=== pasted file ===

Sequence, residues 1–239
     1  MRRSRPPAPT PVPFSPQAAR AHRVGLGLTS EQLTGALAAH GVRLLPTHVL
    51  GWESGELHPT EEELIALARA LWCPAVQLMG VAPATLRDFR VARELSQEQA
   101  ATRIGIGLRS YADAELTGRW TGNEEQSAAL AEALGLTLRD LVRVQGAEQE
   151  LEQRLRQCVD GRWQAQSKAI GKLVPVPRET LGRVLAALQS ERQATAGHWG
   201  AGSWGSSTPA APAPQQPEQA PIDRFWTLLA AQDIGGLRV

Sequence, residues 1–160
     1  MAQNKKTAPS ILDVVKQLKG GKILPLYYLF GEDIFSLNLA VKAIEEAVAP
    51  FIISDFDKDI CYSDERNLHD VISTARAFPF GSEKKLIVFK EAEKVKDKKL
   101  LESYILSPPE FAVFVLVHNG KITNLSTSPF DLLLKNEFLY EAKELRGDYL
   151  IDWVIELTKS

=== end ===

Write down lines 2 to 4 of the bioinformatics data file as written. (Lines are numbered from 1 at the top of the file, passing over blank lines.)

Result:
     1  MRRSRPPAPT PVPFSPQAAR AHRVGLGLTS EQLTGALAAH GVRLLPTHVL
    51  GWESGELHPT EEELIALARA LWCPAVQLMG VAPATLRDFR VARELSQEQA
   101  ATRIGIGLRS YADAELTGRW TGNEEQSAAL AEALGLTLRD LVRVQGAEQE